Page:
Looking for a few rules to help you plan your long-term investing? Here are five guidelines to help you keep your long-term portfolio aligned with your objectives.
Understanding these basic investment rules can help you put short-term and long-term market dynamics into perspective
Balancing short-term flexibility and long-term conviction in your investing approach can be tricky, but it’s a skill that might potentially benefit investors
If you’re looking to continually improve your market knowledge and experience, then school’s always in session. Rain or shine, every market day presents us with a little something that we can learn and add to our storehouse of market wisdom.
With that said, no matter how sophisticated your financial knowledge, it always helps to revisit a few of the bedrock basics that support the rest of your investment knowledge.
There are many different rules out there, each geared toward different investment styles and goals. If you’re setting your sights on the far horizon, here are five ideas to consider that may help you along the path toward your long-term investment goals.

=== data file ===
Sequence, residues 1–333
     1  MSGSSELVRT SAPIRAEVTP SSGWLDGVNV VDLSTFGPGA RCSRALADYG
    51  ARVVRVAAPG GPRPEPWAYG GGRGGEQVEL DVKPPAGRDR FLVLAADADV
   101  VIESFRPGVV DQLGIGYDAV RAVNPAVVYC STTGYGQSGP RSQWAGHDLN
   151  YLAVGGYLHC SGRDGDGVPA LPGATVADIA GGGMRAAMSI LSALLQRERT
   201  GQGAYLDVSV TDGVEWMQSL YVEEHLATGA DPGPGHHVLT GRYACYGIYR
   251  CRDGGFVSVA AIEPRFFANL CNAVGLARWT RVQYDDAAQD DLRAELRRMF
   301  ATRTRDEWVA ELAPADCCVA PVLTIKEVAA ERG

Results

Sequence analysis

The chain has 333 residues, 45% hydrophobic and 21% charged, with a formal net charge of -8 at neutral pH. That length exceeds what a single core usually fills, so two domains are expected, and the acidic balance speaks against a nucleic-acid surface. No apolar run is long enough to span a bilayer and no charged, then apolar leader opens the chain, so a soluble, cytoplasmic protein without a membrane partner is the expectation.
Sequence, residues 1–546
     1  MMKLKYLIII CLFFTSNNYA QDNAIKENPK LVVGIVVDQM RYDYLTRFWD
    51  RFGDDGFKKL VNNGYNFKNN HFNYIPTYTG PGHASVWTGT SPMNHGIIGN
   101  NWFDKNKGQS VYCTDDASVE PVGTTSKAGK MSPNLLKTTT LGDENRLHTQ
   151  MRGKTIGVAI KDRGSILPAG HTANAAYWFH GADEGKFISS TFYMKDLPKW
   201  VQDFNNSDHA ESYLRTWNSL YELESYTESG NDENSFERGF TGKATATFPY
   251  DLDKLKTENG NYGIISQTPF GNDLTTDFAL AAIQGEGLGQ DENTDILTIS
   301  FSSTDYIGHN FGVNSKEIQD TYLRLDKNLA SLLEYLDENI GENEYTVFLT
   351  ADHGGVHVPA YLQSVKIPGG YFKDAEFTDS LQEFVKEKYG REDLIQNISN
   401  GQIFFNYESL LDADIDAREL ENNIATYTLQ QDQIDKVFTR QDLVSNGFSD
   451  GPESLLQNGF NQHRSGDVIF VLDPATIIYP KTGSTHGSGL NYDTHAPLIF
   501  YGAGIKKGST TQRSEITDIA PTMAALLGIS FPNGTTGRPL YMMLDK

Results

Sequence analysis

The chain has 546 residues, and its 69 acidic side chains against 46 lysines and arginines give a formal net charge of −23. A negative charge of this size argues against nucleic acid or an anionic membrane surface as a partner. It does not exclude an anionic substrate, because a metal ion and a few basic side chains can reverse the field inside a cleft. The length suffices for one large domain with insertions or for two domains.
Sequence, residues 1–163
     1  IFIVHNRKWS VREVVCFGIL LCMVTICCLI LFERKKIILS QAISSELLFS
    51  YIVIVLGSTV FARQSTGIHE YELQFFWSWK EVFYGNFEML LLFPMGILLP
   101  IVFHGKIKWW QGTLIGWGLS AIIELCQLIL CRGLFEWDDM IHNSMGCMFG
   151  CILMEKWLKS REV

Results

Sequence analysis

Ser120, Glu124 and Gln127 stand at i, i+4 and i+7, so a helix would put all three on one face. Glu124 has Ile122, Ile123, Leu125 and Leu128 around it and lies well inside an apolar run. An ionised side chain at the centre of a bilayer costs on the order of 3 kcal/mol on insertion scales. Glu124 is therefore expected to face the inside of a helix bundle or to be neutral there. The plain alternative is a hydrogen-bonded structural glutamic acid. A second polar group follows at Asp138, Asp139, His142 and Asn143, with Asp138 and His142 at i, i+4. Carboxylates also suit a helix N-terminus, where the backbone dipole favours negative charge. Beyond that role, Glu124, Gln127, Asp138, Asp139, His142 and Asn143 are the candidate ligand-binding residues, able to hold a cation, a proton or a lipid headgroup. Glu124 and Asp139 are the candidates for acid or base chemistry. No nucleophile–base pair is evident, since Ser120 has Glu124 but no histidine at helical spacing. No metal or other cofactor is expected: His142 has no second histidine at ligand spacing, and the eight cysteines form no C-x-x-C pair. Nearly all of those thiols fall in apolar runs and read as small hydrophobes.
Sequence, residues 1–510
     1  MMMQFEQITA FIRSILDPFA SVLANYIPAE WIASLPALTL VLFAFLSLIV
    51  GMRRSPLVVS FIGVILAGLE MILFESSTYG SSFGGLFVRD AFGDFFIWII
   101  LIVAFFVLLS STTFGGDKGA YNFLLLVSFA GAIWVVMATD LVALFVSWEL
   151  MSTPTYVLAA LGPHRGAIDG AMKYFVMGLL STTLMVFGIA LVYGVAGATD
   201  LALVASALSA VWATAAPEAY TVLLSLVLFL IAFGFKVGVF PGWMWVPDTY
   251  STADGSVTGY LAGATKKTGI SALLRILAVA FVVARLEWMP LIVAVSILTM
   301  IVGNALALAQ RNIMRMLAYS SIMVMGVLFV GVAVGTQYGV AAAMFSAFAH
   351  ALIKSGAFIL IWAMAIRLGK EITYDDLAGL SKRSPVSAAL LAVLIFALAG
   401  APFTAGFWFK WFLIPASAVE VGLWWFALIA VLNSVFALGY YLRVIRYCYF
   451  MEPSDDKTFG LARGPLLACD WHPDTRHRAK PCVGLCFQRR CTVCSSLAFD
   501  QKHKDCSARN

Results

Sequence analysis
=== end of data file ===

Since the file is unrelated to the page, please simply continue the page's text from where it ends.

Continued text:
Are you investing to buy a house in a couple of years, or are you investing for a retirement that seems eons away? Are you investing to achieve or maintain a certain retirement lifestyle for yourself and your spouse, or are you looking to build a sizable legacy for your kids?
Whatever your financial goals may be—and you may have several—it helps to know exactly what you’re trying to build before you start rummaging through your financial toolshed. Some goals may be pursued with conservative strategies or products (such as fixed income assets), while others may not be achievable with conservative strategies, and pursuing the goal might only be realistic with a more aggressive approach (like small-cap or emerging-market stocks). You have a diverse set of tools and strategies to work with. Before you learn to use them, make sure you’re choosing the right ones.